Analysis of the Remote Transactions Parity and Simplification Act and the Remote Transactions Parity Act of 2017
Online sales and use transactions are the subject of ongoing policy discussion. To collect revenues from the transactions, states have taken to passing individual legislation regarding the taxation of online transitions. These laws fall into three categories: economic nexus, affiliate nexus, and economic and affiliate nexus. Several federal policy solutions have been introduced in form of federal legislation. In the most recent congressional legislative sessions, several pieces of legislation have been proposed including Remote Transactions Parity Act of 2017 (RTPA) and the Remote Transactions Parity and Simplification Act (RTPSA). RTPA determines the sales tax rate and base by the physical location of the buyer of the good. RTPSA determines the sales tax rate based on the physical location of the buyer and the base from the definition of base determined by state of the seller. Comparing revenue estimates under the two policy proposals, RTPSA allows for the collection of additional revenue by states at a lower estimated annual expenditure cost.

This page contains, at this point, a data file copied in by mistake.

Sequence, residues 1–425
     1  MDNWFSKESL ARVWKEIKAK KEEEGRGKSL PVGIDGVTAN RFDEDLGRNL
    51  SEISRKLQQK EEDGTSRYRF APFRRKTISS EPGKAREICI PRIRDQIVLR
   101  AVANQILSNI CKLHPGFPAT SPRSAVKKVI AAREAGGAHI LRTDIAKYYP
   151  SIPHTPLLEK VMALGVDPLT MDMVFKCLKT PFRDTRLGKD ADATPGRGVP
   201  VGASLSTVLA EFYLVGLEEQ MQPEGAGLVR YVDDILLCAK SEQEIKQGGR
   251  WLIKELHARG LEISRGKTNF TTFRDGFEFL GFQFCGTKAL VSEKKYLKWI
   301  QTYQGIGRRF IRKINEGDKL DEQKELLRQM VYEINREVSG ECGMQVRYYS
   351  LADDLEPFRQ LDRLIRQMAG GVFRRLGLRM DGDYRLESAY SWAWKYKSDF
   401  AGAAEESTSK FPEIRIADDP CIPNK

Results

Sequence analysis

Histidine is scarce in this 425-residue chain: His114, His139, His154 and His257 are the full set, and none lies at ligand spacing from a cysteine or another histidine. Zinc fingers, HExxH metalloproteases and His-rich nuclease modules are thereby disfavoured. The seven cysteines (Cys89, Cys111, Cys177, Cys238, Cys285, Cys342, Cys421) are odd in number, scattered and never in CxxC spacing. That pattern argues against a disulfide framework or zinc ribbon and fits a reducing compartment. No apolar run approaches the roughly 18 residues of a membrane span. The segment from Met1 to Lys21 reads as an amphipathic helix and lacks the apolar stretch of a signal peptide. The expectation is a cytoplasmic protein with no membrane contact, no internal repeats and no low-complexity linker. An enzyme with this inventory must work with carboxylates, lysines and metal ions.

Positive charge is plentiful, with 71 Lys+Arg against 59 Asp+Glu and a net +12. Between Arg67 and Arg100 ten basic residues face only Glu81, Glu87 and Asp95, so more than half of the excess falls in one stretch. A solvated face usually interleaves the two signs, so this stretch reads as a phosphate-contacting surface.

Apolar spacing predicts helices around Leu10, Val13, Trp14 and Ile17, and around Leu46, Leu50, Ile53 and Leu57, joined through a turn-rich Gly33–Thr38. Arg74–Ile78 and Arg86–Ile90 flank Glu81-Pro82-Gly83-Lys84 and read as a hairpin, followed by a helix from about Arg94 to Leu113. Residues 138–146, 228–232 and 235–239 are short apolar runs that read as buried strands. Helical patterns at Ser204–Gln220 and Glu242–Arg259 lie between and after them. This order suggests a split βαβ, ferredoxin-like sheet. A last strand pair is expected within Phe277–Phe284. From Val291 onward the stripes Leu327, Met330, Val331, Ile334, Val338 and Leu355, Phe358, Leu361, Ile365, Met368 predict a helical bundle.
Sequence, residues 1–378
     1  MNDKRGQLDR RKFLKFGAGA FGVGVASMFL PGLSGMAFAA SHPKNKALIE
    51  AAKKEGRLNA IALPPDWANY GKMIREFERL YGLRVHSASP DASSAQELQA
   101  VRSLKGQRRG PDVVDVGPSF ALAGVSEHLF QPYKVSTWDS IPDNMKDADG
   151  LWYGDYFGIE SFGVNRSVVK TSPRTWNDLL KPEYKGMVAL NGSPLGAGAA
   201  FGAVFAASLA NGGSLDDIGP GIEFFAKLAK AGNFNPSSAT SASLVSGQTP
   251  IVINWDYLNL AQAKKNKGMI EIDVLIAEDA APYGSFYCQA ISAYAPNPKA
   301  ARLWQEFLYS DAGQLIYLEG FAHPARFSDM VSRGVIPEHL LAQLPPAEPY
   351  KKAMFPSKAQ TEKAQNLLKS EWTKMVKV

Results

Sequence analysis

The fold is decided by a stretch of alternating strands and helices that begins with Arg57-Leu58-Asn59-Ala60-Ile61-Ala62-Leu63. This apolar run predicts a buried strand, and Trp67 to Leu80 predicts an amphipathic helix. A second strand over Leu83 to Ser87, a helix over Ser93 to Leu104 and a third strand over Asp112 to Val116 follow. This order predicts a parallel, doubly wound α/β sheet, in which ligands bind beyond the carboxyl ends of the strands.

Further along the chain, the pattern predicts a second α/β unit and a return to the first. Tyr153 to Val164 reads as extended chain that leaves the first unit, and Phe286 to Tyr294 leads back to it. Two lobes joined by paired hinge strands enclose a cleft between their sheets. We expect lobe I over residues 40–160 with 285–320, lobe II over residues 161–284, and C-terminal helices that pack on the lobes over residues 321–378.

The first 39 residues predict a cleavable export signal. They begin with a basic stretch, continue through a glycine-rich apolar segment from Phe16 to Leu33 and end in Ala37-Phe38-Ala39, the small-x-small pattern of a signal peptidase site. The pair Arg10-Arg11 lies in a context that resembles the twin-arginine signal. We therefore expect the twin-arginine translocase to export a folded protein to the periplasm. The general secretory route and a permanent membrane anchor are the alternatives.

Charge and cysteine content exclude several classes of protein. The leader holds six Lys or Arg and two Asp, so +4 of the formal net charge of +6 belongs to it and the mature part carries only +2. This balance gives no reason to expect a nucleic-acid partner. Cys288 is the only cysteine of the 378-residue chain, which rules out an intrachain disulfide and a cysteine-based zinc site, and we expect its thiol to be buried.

Contrasting the Remote Transactions Parity Act of 2017 (RTPA) and the Remote Transactions Parity and Simplification Act (RTPSA) with regards to revenue, the RTPSA produces $444,580,237.05 additional revenue for states within the first year of implementation. Expenditures for RTPA could be around $10 million annually, where estimates of RTPSA annual expenditures are approximately $5.8 million.